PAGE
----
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U.S.-Jamaica: Scenarios and pressure in focus

Sep 11, 2012, 10:32 AM EDT

Altidore head shot

Is tonight’s World Cup qualifier pitting the United States and Jamaica at Crew Stadium the most pressure-filled match since 2001?

This story makes the case.

I went over some of the pressure points of World Cup qualifier cycles past in this post. But, yes, this is where most of the exits are all covered, still leaving the United States with escape routes in the event of a loss – but not many of them.

U.S forward Jozy Altidore sums it up nicely as the United States bids for one of two berths in final round World Cup qualifying:

If we don’t win on Tuesday, it gets pretty scary.”

Basically, it goes like this:

Let’s just assume Guatemala wins tonight at Antigua and Barbuda. (That’s no slam dunk, but them’s the odds.)

  • If the United States wins tonight: it leaves three teams tied atop the group (Jamaica, Guatemala and the United States). Jurgen Klinsmann’s team has two winnable matches remaining, at Antiqua and Barbuda and at home on Oct. 16 against Guatemala (in Kansas City). Considering that Jamaica and Guatemala will take points from each other on Oct. 12, the United States would find itself in a good spot. All the nail-biting of the past few days would quickly fade to memory.
  • If the United States loses: Klinsmann’s men would wake up Wednesday morning in disarray, still in control of their World Cup fate, but asking serious questions of themselves. Jamaica would need just one point to clinch a final-round berth, leaving Guatemala and the United States to scrap for that second spot. Essentially, the United States would probably have to win both of its remaining matches, probably paying attention to goal difference, too.
  • If the United States ties tonight: It doesn’t change things too much, although it does add a little more wiggle room than the previous unlovely scenario. The United States might still need two wins to advance, depending on that Oct. 12 result in Guatemala City. Either way, the United States would be under tremendous pressure going into its final pair of semifinal round qualifiers.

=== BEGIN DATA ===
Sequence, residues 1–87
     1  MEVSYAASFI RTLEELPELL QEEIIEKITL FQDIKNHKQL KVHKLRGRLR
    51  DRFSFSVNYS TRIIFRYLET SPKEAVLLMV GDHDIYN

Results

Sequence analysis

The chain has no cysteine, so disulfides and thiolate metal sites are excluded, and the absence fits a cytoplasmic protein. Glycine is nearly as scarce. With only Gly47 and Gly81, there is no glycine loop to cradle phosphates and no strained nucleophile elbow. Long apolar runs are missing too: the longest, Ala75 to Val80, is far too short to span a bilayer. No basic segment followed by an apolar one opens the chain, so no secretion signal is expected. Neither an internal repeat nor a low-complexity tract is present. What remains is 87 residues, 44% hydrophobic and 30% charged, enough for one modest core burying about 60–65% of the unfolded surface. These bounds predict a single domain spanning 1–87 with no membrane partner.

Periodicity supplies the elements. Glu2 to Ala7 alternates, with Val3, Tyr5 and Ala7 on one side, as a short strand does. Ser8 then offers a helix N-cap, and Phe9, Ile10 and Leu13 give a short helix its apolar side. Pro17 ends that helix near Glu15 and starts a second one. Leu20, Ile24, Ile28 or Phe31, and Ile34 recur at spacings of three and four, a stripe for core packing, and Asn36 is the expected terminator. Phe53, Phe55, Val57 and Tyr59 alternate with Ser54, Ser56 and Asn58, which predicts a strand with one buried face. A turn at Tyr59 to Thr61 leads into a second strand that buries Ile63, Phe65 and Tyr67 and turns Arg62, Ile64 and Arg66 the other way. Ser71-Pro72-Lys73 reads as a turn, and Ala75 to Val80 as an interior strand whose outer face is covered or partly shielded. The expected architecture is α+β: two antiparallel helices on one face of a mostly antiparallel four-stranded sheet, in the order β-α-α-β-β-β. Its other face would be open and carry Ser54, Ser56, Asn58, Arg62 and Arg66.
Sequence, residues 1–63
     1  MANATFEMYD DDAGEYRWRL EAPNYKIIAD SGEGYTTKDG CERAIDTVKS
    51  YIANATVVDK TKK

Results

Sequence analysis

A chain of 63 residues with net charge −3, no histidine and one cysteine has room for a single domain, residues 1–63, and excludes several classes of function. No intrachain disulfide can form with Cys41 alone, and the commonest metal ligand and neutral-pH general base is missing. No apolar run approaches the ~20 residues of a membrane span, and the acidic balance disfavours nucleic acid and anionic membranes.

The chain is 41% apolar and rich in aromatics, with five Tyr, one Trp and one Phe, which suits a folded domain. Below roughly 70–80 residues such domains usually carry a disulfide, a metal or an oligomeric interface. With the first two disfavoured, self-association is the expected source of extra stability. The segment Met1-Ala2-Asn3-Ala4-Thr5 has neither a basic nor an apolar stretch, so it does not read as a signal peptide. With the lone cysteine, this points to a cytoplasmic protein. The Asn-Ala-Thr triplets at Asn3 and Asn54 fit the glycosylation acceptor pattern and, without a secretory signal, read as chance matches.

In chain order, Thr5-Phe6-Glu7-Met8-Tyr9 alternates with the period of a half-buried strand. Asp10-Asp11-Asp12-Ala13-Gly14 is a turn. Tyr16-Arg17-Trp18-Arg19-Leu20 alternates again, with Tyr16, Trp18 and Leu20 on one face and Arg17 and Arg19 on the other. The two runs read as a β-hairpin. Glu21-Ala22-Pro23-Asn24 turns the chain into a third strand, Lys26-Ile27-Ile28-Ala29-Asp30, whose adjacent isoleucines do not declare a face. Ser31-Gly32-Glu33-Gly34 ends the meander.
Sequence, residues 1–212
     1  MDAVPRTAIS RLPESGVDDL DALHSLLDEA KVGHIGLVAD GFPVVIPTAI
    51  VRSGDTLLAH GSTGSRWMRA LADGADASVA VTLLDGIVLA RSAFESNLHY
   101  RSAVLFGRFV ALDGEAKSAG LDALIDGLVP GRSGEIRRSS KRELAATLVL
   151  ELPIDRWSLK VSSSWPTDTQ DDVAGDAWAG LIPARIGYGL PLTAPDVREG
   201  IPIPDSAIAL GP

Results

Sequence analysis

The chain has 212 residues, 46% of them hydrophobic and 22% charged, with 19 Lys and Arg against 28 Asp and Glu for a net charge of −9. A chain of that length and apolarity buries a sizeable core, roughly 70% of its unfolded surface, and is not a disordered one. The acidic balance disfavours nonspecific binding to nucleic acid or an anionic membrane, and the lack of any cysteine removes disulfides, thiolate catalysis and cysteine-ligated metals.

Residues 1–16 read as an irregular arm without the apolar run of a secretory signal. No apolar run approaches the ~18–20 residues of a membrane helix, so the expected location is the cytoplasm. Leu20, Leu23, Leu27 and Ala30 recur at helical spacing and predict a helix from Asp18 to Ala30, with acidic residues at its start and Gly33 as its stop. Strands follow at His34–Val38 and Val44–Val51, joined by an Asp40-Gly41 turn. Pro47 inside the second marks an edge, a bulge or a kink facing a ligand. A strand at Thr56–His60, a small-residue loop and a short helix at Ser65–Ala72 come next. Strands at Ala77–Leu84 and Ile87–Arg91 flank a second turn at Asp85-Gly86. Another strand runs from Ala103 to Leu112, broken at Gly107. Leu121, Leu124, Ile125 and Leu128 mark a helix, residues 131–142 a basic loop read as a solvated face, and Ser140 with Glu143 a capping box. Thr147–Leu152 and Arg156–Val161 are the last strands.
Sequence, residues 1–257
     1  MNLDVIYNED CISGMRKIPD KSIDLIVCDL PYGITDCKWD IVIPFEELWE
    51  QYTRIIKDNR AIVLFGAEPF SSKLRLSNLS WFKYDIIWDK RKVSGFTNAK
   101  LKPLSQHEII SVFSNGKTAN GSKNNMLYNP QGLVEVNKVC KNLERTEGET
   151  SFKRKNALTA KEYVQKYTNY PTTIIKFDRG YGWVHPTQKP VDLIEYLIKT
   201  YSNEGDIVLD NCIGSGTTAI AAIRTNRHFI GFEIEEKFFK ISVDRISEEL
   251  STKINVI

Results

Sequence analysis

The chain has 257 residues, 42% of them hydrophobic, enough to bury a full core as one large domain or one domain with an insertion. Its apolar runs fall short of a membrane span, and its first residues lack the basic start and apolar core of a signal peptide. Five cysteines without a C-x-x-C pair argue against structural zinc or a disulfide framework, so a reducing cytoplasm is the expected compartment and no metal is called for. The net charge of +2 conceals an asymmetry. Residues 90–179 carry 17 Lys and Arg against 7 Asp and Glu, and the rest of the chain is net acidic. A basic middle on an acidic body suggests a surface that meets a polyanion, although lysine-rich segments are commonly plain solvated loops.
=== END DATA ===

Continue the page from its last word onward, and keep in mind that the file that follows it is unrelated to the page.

(MORE: Jurgen Klinsmann’s bid for improvement at stake tonight)

(MORE: Clint Dempsey talks about playing on 9/11)

  1. dfstell - Sep 11, 2012 at 10:50 AM

    I’ve heard the argument that tonight’s game was always a “must win” since you need to win your home games. But, gosh…..wouldn’t it be nice if we could have won that game in Guatemala or gotten a result in Jamaica? Give us those two results and we’re on 7 points right now and sitting pretty.

    I guess it just shows that we’re still a kinda troubled team. We can play with anyone, but when we have a few key players out are susceptible to anyone too.

    • Steve Davis - Sep 11, 2012 at 11:01 AM

      A better result last week would have provided more wiggle room. In other words, a loss tonight wouldn’t fall with quite such devastating effect. It would have made the game feel significantly different, I think. … That said, yes, the regional big dogs should ALWAYS win their home matches.

  2. tylerbetts - Sep 11, 2012 at 11:02 AM

    I’m reminded of the feelings I had during last year’s Gold Cup, after the US lost 2-1 to Panama. Thoughts of “how did we get ourselves in this situation” and “we’re better than this” and “all we have to do is win the winnable game against what should be an over matched opponent and we’re fine”.

  3. mkbryant3 - Sep 11, 2012 at 12:12 PM

    This is CONCACAF, and I don’t think they want the US to fail to qualify. I may have my tin foil hat on here, but dodgy refs in our confederation can also work to our advantage, and I can see phantom calls go our way to give us every opportunity to progress.

    Also, so tired to hear the US players complain about the field in Jamaica as a reason we lost. Ok, the Office is always hard and bumpy and these guys are pros. Pros do not use field conditions as an excuse (even if it’s partly a cause of failure).

    Yes, we always have “that moment” in qualifying and I think that makes our team stronger to have adversity from time to time.

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